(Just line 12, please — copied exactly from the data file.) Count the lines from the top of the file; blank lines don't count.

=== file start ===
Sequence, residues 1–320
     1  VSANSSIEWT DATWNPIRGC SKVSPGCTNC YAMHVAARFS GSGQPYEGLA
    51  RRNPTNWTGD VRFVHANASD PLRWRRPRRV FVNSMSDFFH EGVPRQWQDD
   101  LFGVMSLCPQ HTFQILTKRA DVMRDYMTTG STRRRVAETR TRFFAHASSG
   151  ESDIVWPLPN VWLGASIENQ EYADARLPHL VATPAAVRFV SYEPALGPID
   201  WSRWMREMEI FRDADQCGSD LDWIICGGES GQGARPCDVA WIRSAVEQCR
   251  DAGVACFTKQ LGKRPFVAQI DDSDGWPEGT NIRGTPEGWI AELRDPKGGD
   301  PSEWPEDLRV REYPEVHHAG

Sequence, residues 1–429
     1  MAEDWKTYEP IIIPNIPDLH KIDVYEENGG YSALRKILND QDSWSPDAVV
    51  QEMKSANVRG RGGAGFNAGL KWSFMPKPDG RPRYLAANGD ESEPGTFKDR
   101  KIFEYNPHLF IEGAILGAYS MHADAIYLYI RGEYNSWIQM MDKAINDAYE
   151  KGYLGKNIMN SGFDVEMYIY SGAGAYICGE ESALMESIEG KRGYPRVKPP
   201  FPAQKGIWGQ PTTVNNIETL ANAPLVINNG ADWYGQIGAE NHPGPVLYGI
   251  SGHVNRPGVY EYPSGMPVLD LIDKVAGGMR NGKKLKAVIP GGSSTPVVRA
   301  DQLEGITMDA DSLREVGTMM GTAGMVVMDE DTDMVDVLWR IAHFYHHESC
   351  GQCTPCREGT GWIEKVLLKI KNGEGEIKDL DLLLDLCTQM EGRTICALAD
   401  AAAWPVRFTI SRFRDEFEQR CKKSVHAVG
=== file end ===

   101  KIFEYNPHLF IEGAILGAYS MHADAIYLYI RGEYNSWIQM MDKAINDAYE